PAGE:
December 15, 2014

Death - ...For the Whole World to See (1975)


In case you haven't seen anything on this album, it was a masterpiece left in obscurity for 30 years, only recently rediscovered. Death was a group of three black brothers from Detroit, David, Bobby, and Dannis Hackney, who decided to start playing rock after creating a funk group. This was rare in the 70's, as black musicians were expected to be in R&B or Soul. David Hackney became the leader of the group, and pushed their sound towards punk rock, a genre which didn't exist at the time. They recorded ...For the Whole World to See in 1975, and were almost signed to Columbia, who wouldn't sign them unless they changed their name. In true punk fashion, David Hackney refused, which essentially blew their hopes at being widely recognized, and Bobby and Dannis gave up on the group. David, always the visionary, predicted that one day they would be recognized as something special, and while he was never able to see this happen (he died in 2000 after battling lung cancer), his dreams were realized.

I've seen a good number of arguments over whether this is actually a punk album or not. While interesting to see the variety of opinions over what constitutes punk, does it really matter? It's undeniable that Death was doing something ahead of their time and they were the only ones doing it, whether that was truly punk before the Ramones, or whether that was just a stage before punk is completely irrelevant. The music is incredible, and unlike anything else I've heard. They have this fascinating style in most of their songs, melding a fast punky section seamlessly with a slower, but still intense part. The best example of this is politicians in my eyes (link below), a social commentary about the corruption of politicians, still very poignant today. It's incredibly sad that David Hackney never got to see his much-deserved recognition, and we can only imagine what they would have accomplished had the band not broken up after Columbia's rejection. I strongly recommend watching the recently released documentary on the group, as their story is one of rock's most interesting.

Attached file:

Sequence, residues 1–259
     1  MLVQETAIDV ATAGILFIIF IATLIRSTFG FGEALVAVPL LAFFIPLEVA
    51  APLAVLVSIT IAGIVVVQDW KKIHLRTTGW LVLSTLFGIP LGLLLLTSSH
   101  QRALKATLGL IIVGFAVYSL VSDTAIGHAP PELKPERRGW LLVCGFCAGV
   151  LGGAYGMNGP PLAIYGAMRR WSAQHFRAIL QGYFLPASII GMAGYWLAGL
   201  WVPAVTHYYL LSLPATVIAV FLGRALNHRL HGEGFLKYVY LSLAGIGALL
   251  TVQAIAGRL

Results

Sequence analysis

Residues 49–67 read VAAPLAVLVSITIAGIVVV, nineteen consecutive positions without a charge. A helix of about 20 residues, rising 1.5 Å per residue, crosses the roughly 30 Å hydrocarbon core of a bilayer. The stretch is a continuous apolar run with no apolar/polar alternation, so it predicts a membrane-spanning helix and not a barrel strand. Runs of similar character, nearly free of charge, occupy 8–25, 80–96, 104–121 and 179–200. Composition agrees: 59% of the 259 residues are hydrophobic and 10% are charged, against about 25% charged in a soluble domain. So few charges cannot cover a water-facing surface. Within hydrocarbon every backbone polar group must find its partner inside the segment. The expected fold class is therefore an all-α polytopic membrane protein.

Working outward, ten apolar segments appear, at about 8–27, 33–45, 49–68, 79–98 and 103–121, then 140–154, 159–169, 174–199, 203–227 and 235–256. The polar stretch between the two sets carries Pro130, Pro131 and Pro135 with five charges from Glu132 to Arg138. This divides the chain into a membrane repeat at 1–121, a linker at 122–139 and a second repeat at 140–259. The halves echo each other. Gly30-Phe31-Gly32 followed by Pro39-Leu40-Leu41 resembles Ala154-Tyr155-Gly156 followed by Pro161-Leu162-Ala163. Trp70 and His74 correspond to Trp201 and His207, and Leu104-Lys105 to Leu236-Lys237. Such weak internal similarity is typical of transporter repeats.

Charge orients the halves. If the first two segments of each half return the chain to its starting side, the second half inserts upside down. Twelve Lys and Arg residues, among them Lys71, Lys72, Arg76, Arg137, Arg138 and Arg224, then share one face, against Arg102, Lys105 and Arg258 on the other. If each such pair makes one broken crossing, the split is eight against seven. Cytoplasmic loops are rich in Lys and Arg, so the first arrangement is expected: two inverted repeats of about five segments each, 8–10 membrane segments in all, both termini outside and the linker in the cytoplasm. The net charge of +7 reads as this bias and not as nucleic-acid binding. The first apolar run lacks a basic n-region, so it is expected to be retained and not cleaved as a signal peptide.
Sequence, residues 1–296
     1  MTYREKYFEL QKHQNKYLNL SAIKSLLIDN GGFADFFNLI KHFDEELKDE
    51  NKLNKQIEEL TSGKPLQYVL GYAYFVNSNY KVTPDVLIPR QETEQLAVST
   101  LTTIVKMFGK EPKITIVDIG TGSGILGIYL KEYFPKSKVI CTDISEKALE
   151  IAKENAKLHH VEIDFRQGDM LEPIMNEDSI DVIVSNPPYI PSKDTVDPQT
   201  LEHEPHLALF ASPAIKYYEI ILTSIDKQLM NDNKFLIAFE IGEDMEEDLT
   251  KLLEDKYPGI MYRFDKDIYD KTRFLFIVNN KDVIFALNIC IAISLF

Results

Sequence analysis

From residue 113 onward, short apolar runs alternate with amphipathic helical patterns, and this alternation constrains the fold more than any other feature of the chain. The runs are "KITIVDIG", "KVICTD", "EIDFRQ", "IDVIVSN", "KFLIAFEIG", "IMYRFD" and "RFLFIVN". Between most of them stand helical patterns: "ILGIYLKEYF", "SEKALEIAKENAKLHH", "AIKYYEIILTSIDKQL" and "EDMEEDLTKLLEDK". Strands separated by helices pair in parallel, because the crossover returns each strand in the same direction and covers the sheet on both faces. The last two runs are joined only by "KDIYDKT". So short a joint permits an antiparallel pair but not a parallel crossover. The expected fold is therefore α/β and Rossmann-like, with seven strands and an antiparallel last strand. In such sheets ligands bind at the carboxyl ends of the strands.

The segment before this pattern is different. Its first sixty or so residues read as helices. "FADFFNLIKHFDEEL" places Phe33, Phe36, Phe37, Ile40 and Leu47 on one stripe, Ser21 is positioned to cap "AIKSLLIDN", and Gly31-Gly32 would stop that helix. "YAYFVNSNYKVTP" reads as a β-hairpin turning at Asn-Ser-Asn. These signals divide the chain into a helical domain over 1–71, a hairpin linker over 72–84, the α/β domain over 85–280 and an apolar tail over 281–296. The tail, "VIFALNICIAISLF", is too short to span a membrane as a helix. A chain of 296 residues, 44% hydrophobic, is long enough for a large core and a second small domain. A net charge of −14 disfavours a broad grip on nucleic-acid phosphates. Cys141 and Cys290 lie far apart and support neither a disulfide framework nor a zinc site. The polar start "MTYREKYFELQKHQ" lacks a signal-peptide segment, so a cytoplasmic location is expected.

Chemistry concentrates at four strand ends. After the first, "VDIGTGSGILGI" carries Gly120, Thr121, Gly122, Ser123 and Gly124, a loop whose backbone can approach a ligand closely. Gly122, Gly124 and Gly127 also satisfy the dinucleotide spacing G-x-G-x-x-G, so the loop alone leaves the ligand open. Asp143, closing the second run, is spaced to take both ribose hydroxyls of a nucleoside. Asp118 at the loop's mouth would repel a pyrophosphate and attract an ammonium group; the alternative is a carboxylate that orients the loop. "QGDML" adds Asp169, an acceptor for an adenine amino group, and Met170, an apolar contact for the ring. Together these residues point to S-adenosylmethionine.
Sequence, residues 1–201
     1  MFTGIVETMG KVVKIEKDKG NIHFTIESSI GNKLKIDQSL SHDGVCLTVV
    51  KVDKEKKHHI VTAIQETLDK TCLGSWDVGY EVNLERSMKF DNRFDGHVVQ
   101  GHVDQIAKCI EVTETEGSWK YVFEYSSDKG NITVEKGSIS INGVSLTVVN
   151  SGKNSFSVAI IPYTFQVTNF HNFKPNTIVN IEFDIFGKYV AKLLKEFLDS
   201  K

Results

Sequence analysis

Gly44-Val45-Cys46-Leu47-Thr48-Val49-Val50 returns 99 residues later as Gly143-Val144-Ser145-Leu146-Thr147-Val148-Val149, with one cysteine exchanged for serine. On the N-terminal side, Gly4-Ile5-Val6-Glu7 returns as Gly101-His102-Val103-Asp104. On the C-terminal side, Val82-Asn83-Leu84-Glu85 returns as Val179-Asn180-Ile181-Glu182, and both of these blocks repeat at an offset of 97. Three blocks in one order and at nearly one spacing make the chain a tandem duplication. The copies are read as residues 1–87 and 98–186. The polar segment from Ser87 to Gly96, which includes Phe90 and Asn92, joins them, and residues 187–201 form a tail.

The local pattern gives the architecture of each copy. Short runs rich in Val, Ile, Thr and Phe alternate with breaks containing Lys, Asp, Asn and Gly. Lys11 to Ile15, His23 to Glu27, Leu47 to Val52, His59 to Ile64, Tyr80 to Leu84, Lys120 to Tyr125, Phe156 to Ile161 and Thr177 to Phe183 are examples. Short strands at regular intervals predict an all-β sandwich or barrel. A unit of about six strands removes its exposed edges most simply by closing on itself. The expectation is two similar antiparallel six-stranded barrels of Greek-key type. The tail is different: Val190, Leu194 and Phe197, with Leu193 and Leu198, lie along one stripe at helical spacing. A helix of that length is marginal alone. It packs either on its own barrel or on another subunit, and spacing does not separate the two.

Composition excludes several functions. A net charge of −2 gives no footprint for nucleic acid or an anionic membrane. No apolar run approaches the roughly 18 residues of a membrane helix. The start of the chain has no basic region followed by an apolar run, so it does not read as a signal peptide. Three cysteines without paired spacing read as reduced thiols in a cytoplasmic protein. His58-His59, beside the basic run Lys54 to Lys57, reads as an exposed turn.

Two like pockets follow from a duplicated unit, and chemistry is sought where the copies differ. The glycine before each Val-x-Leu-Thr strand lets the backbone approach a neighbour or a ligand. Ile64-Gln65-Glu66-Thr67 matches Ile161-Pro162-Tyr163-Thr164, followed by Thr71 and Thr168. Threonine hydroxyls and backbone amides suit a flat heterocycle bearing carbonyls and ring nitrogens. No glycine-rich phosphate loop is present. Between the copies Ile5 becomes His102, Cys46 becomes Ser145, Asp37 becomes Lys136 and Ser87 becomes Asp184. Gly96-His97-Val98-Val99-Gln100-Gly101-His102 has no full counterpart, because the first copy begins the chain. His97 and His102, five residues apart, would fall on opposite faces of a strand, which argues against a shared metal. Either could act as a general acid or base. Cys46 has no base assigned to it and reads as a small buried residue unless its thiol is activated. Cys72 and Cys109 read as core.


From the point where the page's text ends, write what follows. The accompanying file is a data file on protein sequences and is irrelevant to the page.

One listen in and I definitely see this as an essential garage rock album. While it does entertain some punk elements, I see it fitting in more with other 70s psych rock, heavy rock, and even some of the earlier prog. Hendrix is an easy one to compare the band to--especially on those bridges, but taking the distortion, drum rolls, and crossfading the channels into account I'm thinking even more along the lines of Black Sabbath (even the black Detroit singer's yells have something strangely in common with Ozzy). What sets Death apart from Deep Purple, Iron Butterfly, or Message is that distinct swift punkiness. A lead vocalist/lyricist that takes influences from Mayfield and the Philadelphia Sound and mashes them with the heavy psych of Black Sabbath sounds dope, and most definitely is. If more people had heard this album, would the American punk scene have been different?


...For the Whole World to See